"Been playing some chess with my husband recently", my friend Megan began, as we sat with our drinks in Coffee Monarchy.

"How'd you get on?" I asked.

"Didn't get off to a good start, I'm afraid. In our first game, he managed to beat me in only seven moves. I've still got the moves here, for what it's worth."

Megan put her big shoulder-bag on her lap and brought out a scrap of paper from it, but just as she put it out on the table for me, she knocked her coffee over. Several tissues later we'd cleaned up the spill as well as we could. But that scrap of paper was in a sorry state, and the ink had run. Now the only bit I could make out was the very last move:

K x b7#

Now, given that this was the winner's seventh move, what were the moves that led up to this victory?


This problem was invented by Alex Fishbein and published in The Problemist, March 2016. It is reproduced at PDB. The bottom of that page contains links to the PDB site's publication details and privacy policy (in German).

This is an entry in Fortnightly Topic Challenge #40: Retrograde Analysis.

  • 1
    Are you certain you're not violating any copyright by reproducing this question that is published elsewhere? If so, please edit the question to include the license under which you're copying it (it needs to be compatible with SE's CC license) or how you got permission or what have you. – jpmc26 Oct 21 at 23:46
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    @jpmc26 I've added a link to this problem's entry in PDB. The bottom of that page contains links to the PDB site's publication details and privacy policy (unfortunately, only in German). Is this enough? – Rosie F Oct 22 at 5:41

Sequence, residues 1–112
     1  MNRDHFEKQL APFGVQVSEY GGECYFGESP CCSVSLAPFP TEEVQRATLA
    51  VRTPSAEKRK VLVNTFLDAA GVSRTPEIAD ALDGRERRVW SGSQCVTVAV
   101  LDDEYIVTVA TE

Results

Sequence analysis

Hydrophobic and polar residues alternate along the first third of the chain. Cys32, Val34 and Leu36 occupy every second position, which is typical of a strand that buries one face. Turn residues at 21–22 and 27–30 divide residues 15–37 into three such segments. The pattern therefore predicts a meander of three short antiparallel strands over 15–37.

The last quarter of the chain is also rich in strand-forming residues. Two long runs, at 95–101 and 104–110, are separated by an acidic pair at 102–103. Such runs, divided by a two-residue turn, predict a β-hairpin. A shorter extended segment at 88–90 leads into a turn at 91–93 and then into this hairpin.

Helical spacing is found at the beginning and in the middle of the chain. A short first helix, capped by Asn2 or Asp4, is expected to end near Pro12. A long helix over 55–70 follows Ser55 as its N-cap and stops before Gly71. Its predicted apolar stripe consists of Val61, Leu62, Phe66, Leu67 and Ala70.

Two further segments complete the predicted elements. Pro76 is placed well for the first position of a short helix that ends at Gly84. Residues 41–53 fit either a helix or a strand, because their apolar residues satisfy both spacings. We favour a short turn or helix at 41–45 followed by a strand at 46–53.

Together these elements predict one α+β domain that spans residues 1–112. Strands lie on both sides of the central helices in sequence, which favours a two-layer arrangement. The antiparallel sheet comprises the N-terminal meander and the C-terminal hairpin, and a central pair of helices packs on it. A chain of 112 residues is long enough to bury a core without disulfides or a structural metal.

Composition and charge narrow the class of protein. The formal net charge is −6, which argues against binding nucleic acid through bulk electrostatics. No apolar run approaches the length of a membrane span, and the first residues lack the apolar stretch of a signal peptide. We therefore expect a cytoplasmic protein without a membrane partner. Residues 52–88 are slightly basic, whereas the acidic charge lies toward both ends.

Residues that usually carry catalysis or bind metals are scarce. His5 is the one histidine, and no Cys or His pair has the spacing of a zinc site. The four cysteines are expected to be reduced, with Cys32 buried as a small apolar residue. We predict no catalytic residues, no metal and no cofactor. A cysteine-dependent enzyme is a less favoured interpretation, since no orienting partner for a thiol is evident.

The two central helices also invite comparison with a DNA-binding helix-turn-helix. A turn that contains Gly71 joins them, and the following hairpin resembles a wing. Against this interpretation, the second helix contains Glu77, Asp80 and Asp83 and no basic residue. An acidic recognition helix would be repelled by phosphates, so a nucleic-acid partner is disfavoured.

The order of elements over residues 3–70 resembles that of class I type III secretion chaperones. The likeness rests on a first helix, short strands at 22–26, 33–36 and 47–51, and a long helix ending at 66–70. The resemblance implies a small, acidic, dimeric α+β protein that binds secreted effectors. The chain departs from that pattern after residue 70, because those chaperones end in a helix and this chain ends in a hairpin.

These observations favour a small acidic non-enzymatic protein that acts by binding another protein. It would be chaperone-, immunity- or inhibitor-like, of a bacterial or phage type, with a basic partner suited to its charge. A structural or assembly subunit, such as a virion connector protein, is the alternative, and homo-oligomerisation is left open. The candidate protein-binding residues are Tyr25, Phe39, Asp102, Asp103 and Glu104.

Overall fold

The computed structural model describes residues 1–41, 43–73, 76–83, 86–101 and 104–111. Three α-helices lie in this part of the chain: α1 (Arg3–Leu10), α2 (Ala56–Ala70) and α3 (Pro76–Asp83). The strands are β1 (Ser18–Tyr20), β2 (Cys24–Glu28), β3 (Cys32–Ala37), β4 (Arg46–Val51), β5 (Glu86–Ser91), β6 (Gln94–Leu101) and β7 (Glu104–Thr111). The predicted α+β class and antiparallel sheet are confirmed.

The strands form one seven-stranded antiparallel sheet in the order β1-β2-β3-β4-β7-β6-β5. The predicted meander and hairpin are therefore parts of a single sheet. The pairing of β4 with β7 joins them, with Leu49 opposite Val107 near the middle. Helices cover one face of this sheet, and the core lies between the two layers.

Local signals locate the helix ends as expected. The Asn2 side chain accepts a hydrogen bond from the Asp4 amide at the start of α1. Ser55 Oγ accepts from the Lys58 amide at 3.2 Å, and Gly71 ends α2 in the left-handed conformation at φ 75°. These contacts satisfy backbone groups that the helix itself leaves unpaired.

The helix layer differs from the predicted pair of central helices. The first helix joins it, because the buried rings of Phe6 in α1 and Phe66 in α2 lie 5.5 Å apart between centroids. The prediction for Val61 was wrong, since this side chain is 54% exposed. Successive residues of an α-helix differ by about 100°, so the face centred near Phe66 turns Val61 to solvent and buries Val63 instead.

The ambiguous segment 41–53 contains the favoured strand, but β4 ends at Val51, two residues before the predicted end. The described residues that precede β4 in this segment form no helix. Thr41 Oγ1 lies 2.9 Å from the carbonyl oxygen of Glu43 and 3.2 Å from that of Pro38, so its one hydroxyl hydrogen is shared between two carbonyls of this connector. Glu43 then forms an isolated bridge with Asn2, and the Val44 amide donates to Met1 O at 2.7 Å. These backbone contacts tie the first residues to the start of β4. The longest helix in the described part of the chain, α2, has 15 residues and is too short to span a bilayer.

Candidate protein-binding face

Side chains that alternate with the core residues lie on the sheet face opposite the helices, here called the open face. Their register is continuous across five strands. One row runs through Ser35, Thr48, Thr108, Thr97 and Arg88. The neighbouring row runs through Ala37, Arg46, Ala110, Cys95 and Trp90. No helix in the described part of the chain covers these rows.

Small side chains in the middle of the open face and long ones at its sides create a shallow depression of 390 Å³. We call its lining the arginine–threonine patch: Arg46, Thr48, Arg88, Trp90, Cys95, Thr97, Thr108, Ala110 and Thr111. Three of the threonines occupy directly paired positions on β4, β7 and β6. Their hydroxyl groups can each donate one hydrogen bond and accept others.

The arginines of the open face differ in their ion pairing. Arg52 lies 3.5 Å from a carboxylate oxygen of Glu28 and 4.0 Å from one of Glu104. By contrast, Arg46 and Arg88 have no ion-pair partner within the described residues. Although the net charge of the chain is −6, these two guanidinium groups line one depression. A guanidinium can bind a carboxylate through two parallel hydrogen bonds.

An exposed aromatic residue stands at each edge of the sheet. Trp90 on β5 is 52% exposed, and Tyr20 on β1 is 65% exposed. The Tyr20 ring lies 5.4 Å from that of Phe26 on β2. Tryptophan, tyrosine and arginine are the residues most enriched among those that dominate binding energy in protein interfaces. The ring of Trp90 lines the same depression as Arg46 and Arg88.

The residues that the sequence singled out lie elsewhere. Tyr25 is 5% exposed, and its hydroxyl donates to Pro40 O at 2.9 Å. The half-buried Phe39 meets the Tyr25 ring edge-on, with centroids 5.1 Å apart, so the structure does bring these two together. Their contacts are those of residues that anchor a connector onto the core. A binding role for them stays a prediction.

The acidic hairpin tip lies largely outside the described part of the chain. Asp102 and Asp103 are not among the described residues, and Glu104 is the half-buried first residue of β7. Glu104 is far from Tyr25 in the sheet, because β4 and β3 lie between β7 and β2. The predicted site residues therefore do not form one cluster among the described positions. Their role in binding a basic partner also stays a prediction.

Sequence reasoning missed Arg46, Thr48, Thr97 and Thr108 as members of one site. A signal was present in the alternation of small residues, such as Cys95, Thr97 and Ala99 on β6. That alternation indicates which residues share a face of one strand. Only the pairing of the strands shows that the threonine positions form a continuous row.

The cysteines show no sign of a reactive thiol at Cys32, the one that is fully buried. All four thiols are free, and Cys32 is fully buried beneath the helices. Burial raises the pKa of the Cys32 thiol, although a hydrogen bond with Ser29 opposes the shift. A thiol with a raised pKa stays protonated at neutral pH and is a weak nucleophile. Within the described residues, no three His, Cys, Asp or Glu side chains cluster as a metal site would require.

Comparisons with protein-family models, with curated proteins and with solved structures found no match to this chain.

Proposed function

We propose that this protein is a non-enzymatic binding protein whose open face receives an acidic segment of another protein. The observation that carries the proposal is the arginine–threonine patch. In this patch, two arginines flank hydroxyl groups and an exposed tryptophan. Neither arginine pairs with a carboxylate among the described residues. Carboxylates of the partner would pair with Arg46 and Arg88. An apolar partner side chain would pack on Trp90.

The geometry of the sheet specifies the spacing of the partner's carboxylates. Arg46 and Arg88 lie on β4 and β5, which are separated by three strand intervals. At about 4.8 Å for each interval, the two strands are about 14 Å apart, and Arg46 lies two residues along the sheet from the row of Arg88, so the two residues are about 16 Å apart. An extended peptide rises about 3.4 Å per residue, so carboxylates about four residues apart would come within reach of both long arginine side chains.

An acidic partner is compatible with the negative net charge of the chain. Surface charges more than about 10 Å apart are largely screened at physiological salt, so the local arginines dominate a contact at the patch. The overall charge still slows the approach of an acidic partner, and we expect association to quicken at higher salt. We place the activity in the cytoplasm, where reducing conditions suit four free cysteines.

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    Maybe I'm unclear. Did you just mean the chess problem in general? I had assumed the entire scenario came from someone else. But if you haven't copied anything and are just referencing a uniqueness proof (which is what I gather from the link), then there probably isn't an issue. The link should be more than enough in that case. Sorry for the confusion. – jpmc26 Oct 22 at 5:45
up vote 19 down vote accepted

Oooh, that's a nice one. First of all,

a mating move by a king is always discovered check.

Further more, it's a mating move by

Black, because White's king can get to b7 in 7 moves but there's no move left to set up a 'battery', i.e. a queen on a4 which would give mate after Kc6xb7.

I first tried (in vain) to

create a discovered check over the b8-h2 diagonal; it's easy to get the white king to e5, and the white bishop via a6 to b7 where it can be captured, but there's not enough time to weave a mating net.

So it must be

a major piece on c8 giving the discovered check.

It turns out that

we can just clear up enough pawns to make this work

with the following moves:

1. d4 c5 2. dxc5 Na6 3. Qxd7+ Kxd7 4. Kd2 Kc7+ 5. Kc3 Be6 6. c6 Rc8 7. cxb7 Kxb7#

Final position:

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    Gosh, that didn't take long! Correct! – Rosie F Oct 21 at 10:55
  • I had the same idea, and my best result looked suspiciously like your board. :) My attempts were 12 moves, then 9 moves, though I couldn't get down after that. lichess.org/study/iR2Wbtup Black has to make at least 6 required moves for this mating net (3 king, 1 knight, 1 bishop, 1 knight). The challenging bit is spending that last "free" move wisely. – Mateen Ulhaq Oct 21 at 21:18
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    Man, white really has to cooperate for this one to work. – Weckar E. Oct 22 at 2:49

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